Work stoppage? What work stoppage? I haven’t heard anything about a work stoppage


How odd that I have to get info about university policy from a TV news site rather than from our administration.

University of Minnesota professors are mulling a work stoppage if the university refuses to impose a COVID-19 vaccine mandate, according to American Association of University Professors meeting minutes and documents obtained by 5 EYEWITNESS NEWS. More than 500 faculty and students have signed on to a letter endorsing a vaccine requirement.

Hang on there. I haven’t heard even a whisper of a threat of a work stoppage from my colleagues or the university listserv. One way to look at it is that we are generally obliging sheep who will march to our doom without hesitation. A better way to look at it is that we take our responsibilities very seriously — our students are making a 4 year commitment to a structured, cumulative program of instruction, and we don’t want to compromise their advancement at all. A year and a half ago, we shut down classes on campus and scrambled to keep the students going with online instruction, at great personal cost, and we’d do it again. A work stoppage isn’t in the cards, a workload increase is.

I also expect that the prospect of students dying on campus is a more potent incentive to impose a vaccine mandate than the idea that professors might walk out. I hope. You never know with university administrators. My university doesn’t employ many adjuncts, so the idea of using adjuncts as front-line cannon fodder is off the table, anyway.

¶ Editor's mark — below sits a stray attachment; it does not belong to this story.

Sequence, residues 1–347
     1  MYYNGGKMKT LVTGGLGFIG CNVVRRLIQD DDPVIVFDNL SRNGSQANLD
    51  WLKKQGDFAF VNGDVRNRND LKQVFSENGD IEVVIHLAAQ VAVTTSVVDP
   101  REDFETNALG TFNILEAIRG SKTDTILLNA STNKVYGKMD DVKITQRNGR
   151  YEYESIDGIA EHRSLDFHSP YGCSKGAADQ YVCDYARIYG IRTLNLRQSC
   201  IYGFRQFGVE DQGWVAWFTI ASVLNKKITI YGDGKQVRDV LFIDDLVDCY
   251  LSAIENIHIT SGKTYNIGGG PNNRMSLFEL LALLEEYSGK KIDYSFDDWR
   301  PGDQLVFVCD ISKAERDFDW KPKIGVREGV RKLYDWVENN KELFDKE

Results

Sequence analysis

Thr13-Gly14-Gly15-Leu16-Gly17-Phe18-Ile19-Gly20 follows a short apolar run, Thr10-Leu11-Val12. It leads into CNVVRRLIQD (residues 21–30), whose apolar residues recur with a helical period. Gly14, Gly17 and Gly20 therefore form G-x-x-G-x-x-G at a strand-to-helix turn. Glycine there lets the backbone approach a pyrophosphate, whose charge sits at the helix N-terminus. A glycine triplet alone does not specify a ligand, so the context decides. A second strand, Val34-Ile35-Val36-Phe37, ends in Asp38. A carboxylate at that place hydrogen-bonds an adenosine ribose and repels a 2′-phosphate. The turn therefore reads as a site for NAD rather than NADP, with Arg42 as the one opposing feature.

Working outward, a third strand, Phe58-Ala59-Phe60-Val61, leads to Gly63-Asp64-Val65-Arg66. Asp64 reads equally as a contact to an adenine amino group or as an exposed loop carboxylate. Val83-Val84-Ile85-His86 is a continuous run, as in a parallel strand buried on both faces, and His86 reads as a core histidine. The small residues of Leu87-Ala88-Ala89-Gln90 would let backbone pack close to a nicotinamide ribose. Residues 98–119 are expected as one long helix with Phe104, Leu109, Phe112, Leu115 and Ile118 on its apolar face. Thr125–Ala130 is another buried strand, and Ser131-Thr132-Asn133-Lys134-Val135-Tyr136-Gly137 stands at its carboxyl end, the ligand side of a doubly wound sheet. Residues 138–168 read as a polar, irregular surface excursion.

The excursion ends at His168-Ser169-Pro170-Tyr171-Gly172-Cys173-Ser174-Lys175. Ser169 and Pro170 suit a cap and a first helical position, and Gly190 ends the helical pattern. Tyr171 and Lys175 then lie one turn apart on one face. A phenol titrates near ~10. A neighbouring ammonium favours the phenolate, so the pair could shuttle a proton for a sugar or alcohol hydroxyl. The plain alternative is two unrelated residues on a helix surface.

At least this part of the story is accurate.

AAUP members say they are frustrated by governing bodies of the university making decisions without consulting affected faculty and staff, who came to the following agreement:

“The consensus emerged that we should bring pressure for a vaccination mandate to bear through the media as well as through organizations like Council of Graduate Students, Minnesota Student Association, and college and university governance. Public pressure could give the administration cover to alter the present policies. Our targets and objectives are twofold: the U president, for mandating vaccinations; the U provost, for mandating versatility in instructional modality.”

Frustrated is right. The faculty as a whole have not been consulted on pandemic policy. We just get messages from on high. “No vaccine or mask mandate!” Then, “OK, mask mandate! But you’ll be teaching in a classroom!” Or, “Get tested!” But then, “we’re shutting down testing facilities! And the campus vaccination service!” We’re not asked, we’re told.

But there aren’t even rumors of work stoppages. At least, not until our classes are drained by the death or quarantining of mass numbers of students. I draw the line at asking students to die for their biology degree.

Comments

  1. robro says

    I like digging into the corporations behind the news. KSTP is owned by Hubbard Broadcasting, which you might call the flagship station. Hubbard Broadcasting was founded by Stanley E. Hubbard in 1925 in Minneapolis. Hubbard Broadcasting is a nation wide collection of media outlets that operates TV and radio stations, and cable channels in about 20 markets around the country.